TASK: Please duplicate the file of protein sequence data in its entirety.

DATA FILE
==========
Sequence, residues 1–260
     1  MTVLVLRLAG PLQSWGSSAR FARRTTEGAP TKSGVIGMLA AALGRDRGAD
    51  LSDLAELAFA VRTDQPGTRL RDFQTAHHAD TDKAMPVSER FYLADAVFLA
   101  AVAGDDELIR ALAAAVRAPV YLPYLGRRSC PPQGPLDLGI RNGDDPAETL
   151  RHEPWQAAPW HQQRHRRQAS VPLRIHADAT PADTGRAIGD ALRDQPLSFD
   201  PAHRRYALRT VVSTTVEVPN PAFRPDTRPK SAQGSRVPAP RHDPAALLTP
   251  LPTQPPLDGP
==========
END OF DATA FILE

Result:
Sequence, residues 1–260
     1  MTVLVLRLAG PLQSWGSSAR FARRTTEGAP TKSGVIGMLA AALGRDRGAD
    51  LSDLAELAFA VRTDQPGTRL RDFQTAHHAD TDKAMPVSER FYLADAVFLA
   101  AVAGDDELIR ALAAAVRAPV YLPYLGRRSC PPQGPLDLGI RNGDDPAETL
   151  RHEPWQAAPW HQQRHRRQAS VPLRIHADAT PADTGRAIGD ALRDQPLSFD
   201  PAHRRYALRT VVSTTVEVPN PAFRPDTRPK SAQGSRVPAP RHDPAALLTP
   251  LPTQPPLDGP